Facebook Twitter 新浪微博 google plus Instagram YouTube Wednesday 8 July 2015
English>>China Society

Gang deleted posts that harmed clients

(China Daily)    15:04, July 08, 2015

Companies, celebrities and corrupt officials paid to protect their reputations on 'Net

Gang deleted posts that harmed clients

Police collect computers in May that had been seized during a crackdown on the gang that made millions of yuan by hacking into the Internet. Yu Guoqing / Xinhua

Computer technician Yu Mou amassed a 7.8 million yuan ($1.3 million) fortune in four years by using his self-taught skills, according to police.

The catch is that Yu's ability to spend that pile of cash is now severely curtailed because he is languishing in a cell.

The business that the 26-year-old is alleged to have engaged in thrives in the darker regions of the Internet and barely existed 10 years ago.

For Yu and nearly 2,000 accomplices in 22 cities and regions across China, the task was simple: restore people's reputations by deleting online posts that cast them in a bad light.

By the time the gang was broken up in Qichun county, Hubei province, in May, it had raked in 50 million yuan in just five years, police said.

This is the biggest haul from such activities uncovered so far, police said, adding that 10 suspects were being held for further questioning and five were still on the run.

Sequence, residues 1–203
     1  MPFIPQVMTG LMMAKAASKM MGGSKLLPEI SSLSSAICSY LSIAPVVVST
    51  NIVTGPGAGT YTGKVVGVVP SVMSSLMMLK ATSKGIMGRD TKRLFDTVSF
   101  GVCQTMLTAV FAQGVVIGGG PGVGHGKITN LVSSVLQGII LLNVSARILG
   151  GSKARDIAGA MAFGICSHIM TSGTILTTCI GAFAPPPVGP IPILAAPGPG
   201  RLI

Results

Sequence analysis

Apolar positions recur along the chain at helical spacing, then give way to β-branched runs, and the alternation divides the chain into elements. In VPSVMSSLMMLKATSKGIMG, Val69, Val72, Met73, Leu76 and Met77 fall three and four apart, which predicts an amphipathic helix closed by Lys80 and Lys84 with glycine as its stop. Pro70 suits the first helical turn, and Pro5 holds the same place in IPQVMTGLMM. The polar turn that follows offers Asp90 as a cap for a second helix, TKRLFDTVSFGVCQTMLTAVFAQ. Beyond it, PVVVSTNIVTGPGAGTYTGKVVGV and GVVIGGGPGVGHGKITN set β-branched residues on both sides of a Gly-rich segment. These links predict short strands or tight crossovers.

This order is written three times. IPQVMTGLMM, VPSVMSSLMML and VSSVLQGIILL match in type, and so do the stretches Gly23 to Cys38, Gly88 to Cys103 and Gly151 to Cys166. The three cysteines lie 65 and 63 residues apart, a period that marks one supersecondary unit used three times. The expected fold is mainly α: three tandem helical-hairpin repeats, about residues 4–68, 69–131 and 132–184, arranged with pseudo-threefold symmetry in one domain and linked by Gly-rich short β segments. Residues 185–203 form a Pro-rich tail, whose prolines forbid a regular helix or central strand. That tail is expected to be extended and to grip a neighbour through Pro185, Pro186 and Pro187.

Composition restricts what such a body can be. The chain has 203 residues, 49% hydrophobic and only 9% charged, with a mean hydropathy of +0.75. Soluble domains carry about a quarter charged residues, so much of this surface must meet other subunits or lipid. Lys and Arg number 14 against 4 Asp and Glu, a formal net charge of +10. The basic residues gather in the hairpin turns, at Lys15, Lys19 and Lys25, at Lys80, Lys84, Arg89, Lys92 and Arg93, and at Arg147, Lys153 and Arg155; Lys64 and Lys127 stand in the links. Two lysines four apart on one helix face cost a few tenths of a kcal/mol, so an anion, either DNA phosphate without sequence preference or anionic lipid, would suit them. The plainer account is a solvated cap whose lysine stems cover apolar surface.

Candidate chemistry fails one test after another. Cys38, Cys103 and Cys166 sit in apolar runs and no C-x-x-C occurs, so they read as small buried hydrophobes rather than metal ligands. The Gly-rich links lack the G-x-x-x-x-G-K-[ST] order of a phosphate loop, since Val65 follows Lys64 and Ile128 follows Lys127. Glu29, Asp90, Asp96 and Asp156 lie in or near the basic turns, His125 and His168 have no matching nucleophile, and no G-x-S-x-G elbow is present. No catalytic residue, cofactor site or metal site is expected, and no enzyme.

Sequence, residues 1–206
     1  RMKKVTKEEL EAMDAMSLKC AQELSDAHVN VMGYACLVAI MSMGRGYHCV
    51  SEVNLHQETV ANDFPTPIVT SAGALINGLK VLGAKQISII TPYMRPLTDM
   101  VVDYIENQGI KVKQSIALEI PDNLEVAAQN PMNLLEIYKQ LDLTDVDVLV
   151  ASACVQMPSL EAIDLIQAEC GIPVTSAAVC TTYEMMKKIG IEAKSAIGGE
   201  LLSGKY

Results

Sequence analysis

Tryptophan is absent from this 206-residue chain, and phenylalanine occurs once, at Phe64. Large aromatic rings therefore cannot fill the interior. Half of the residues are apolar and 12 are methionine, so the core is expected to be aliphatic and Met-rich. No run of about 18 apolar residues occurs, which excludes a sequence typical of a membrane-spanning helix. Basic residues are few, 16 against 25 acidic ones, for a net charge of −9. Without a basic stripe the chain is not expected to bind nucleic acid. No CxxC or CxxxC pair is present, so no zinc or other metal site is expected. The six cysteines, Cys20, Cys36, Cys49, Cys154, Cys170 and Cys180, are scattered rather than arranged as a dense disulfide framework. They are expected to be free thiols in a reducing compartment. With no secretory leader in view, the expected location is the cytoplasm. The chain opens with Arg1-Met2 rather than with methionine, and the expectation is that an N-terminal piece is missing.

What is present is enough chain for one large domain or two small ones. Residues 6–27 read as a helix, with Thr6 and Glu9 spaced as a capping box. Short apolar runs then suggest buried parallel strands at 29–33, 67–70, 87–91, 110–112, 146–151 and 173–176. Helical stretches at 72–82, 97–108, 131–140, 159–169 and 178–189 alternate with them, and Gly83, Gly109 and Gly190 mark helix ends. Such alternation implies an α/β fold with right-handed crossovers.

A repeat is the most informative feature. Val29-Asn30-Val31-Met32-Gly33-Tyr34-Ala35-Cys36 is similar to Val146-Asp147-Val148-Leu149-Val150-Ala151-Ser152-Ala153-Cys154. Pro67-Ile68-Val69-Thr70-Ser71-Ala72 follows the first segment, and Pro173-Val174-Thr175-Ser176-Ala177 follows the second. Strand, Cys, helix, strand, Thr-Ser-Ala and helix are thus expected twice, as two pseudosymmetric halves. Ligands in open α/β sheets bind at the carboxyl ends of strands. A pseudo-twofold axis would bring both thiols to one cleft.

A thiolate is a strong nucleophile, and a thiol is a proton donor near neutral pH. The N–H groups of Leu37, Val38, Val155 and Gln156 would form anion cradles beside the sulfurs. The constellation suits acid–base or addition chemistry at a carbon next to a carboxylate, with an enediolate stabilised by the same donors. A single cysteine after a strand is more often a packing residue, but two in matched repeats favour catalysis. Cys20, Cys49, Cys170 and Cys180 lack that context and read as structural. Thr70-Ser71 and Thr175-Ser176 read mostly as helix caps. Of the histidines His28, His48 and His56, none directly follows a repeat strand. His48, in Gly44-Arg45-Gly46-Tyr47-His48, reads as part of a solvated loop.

By sifting through the group's accounts, police discovered that clients had been charged from several hundred yuan to 4,000 yuan to delete a post, depending on the popularity of the websites on which the compromising information was displayed.

Further analysis of the gang's trading records suggested that the clients - mainly companies, celebrities and corrupt government officials - were prepared to splash out large sums to snuff out negative publicity or prevent allegations from going viral.

Police said they found documents relating to 52 deletions carried out on behalf of a county chief in graft-riddled Shanxi province. The cost: 38,000 yuan.

Itemized entries showed that in this case the amount charged for each deletion ranged from 200 to 2,000 yuan, and the entries identified the Web addresses from which posts were removed.

Police said the gang called itself Crisis Management and operated as a chat group on Tencent QQ.

"It is difficult to track down the culprits, who use pseudonyms, let alone nail down the evidence that would put them behind bars," said Luo Zhongsheng, the officer in charge of the case.


(For the latest China news, Please follow People's Daily on Twitter and Facebook)(Editor:Yao Chun,Huang Jin)

Add your comment

Related reading

We Recommend

Most Viewed


Key Words